A Conversation with Philip Gerard on The Last Battleground (conclusion)

Part six of six

We’ve been talking this week with Philip Gerard, author of The Last Battleground: The Civil War Comes to North Carolina (UNC Press, 2019). During the course of my conversation with him, one thing theme that has continued to surface and resurface is his own balance between writing and history. His approach to that balance has had some surprising results that, from a public history perspective, have been refreshing.

Chris Mackowski: Let me switch gears just a little bit, because you said this book sort of coincides with the work you’ve been doing with the North Carolina Civil War & Reconstruction History Center in Fayetteville. How’s that project coming along?

Philip Gerard: It’s coming great. It’s on the site of the Old Arsenal. In its day, the Old Arsenal had been like the Central Park of the South. Unfortunately, there is a big highway that bisects the property that they put in in the 60’s, so we are actually bridging that highway with an entryway into the museum so that we can reclaim the whole site.

There are three or four historical homes on the site that we moved into a village, and they are going to, among other things, house the digital part of the history center. So we are working with the Department of Public Instruction to create a really good curriculum of materials for K-12 and college that will come out of there. A big part of it is the educational reach that doesn’t depend on being at the center. You can visit it, sure, but it is going to be light on artifacts. We don’t want to have a huge collection of things to keep; we want to tell the story.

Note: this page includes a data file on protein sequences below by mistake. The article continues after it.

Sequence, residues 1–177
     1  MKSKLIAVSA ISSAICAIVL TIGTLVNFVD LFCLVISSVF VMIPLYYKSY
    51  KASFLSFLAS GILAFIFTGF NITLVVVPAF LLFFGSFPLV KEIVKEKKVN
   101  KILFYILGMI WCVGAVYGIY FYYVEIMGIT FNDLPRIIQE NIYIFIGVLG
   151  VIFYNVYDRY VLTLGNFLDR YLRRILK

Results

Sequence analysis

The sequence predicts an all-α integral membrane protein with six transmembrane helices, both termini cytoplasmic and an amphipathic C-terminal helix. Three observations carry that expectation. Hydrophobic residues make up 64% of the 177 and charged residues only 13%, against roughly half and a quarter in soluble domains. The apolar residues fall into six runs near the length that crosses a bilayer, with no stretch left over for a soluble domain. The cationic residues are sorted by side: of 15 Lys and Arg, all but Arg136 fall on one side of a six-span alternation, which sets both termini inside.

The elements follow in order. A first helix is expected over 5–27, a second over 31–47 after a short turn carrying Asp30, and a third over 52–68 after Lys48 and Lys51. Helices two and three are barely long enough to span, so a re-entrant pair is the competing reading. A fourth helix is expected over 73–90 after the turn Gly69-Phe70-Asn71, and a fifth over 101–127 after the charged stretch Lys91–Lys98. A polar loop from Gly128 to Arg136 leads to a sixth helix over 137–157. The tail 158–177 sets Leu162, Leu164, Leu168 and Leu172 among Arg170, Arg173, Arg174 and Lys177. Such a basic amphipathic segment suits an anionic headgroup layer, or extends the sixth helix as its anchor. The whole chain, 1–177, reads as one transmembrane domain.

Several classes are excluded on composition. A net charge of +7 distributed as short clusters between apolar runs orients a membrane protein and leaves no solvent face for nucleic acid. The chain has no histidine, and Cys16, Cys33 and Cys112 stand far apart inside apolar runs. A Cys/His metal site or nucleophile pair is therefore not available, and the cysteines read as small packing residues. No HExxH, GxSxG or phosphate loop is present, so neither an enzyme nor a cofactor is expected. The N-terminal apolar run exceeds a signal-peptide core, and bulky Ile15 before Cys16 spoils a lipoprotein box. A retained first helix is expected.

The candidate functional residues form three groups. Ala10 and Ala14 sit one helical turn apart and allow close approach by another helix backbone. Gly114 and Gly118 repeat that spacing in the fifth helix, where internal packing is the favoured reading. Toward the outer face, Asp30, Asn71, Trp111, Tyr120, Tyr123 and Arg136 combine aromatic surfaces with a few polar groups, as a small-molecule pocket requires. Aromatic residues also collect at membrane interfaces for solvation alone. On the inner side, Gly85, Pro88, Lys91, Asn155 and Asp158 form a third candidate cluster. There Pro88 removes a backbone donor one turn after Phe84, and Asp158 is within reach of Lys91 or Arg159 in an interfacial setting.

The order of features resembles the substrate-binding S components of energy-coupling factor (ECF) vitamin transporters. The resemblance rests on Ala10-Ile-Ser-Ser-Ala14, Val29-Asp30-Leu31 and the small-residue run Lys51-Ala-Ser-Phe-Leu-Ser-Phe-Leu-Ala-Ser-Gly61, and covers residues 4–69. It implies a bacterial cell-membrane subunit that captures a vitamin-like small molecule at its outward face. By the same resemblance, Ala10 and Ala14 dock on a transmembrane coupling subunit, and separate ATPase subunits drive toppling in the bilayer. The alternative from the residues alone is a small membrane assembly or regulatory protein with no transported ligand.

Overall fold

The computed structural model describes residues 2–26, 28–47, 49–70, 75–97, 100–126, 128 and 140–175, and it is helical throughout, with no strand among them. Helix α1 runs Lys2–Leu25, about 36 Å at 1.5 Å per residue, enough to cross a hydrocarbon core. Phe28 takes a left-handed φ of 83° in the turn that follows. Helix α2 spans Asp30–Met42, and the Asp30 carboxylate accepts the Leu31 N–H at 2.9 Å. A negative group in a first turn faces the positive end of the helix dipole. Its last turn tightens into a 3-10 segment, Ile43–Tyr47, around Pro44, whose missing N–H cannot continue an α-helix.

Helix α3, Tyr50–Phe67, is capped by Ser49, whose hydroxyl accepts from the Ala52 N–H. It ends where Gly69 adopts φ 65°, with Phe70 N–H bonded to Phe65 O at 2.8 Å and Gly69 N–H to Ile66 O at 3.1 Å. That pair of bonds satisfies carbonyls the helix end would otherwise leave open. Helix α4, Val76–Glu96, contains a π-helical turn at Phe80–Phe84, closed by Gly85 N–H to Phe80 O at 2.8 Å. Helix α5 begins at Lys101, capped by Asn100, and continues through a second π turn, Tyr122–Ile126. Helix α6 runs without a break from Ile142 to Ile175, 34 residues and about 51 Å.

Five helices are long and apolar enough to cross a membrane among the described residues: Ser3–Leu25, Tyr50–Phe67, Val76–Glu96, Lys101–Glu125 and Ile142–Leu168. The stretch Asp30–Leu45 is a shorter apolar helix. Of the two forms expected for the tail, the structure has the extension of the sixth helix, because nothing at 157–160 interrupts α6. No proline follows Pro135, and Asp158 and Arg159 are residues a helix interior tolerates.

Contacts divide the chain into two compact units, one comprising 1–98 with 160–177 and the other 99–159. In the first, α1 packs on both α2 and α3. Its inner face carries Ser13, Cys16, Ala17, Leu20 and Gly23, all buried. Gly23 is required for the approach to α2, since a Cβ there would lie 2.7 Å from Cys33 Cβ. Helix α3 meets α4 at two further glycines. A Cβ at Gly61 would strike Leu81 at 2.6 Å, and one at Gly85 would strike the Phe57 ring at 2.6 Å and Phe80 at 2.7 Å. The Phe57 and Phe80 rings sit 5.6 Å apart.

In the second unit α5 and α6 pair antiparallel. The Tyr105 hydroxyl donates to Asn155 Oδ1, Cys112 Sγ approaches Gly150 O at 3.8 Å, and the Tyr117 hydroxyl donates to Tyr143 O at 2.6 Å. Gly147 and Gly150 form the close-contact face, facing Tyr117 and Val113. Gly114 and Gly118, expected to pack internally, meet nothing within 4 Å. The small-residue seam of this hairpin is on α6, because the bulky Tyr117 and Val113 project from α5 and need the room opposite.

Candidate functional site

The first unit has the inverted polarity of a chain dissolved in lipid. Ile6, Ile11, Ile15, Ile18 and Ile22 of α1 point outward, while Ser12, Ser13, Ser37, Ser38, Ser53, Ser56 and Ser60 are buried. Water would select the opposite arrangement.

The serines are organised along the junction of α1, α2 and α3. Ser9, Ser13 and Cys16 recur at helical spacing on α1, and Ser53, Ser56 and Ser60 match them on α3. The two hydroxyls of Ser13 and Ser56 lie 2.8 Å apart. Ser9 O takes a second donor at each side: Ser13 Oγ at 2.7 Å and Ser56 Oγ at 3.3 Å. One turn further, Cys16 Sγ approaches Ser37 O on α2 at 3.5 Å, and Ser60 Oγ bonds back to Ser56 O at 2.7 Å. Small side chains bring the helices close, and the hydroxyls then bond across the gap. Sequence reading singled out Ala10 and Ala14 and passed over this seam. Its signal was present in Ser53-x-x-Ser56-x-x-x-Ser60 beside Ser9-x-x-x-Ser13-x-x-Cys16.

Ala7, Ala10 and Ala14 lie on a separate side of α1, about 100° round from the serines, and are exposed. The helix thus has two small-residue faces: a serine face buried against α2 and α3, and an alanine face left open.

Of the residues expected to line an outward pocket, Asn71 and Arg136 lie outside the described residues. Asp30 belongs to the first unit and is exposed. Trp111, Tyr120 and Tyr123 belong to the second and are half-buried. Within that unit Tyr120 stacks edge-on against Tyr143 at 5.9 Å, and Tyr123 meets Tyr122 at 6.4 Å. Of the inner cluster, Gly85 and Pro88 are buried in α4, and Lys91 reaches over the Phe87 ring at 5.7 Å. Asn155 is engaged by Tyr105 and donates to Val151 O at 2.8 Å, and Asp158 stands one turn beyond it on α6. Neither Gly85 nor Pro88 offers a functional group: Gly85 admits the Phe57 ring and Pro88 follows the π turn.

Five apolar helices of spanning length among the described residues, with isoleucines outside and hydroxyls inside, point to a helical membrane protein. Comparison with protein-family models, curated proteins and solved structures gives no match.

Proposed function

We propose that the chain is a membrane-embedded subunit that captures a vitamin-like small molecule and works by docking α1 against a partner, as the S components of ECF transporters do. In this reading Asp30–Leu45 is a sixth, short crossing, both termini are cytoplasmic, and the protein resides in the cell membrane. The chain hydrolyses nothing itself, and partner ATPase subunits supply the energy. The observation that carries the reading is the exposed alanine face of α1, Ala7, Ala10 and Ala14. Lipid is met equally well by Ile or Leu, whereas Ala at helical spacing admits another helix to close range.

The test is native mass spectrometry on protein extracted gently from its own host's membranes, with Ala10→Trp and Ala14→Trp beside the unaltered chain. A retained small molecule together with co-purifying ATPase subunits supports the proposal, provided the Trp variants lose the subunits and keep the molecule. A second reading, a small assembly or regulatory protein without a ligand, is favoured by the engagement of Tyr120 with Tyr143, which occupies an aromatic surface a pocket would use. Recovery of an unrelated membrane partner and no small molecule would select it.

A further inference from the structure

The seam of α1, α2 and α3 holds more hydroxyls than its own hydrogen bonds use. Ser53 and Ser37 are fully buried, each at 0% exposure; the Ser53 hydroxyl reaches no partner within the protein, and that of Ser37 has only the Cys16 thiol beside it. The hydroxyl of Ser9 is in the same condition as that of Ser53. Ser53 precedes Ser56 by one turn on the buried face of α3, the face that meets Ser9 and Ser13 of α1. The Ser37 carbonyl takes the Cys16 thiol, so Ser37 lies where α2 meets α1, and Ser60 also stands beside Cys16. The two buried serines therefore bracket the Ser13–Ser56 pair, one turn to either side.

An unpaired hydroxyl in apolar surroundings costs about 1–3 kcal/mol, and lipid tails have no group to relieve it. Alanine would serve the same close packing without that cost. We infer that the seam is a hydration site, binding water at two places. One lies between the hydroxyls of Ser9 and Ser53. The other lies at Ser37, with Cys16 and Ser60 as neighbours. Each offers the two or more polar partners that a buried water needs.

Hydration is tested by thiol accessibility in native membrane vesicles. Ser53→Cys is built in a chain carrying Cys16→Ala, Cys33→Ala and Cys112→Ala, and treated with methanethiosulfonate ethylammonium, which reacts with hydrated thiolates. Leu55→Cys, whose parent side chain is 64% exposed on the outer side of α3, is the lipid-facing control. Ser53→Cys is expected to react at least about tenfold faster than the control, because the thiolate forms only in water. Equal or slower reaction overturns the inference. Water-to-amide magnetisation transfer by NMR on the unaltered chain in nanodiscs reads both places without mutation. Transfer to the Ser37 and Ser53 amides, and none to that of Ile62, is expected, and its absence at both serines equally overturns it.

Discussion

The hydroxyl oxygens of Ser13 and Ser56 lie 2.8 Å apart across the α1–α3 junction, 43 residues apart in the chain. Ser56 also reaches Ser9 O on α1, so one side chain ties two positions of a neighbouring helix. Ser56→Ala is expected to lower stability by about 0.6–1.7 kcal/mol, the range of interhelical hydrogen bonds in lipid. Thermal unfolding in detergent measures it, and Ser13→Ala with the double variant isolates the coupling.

David Winslow, who is the executive director of the project, raised the money for it. Eventually he will hand that off to somebody from the Division of Archives and History, but he enlisted me early in the process to meet with twelve historians at a retreat center in Winston. We figured out what the story was of North Carolina in the war, and then I had to go home and write a script, and then they vetted that for accuracy. The script became the story of not just the war, but of slavery, the war, and the aftermath of the war in North Carolina. They then commissioned an exhibit designer to create exhibits around that story, and then they commissioned an architect to design the building to house the exhibits to tell the story, so they did this from the inside out. Typically what happens is a community has a bunch of cannons and rifles lying around, and they build a square building, and then somebody comes in to build cases, and they stick all the cannons in there, and only then does somebody try to tie it all together with a narrative. We very consciously wanted this to be all about stories.

The website for the past several years has featured stories from all 100 counties, unedited. People share them for what they’re worth, and then we have people looking at them to figure out which ones actually look like they’re promising enough to do some real historical research on, and find out the truth of them and include those. It’s a good project.

I don’t know that they’ve announced it yet, but one of the things we’ve just acquired is—you know the cyclorama at Gettysburg? Well there is another one and we just bought it. We have to restore the panels, and we’ll do like one panel every year or something for the foreseeable future, until the whole thing is done, but it will be a major draw.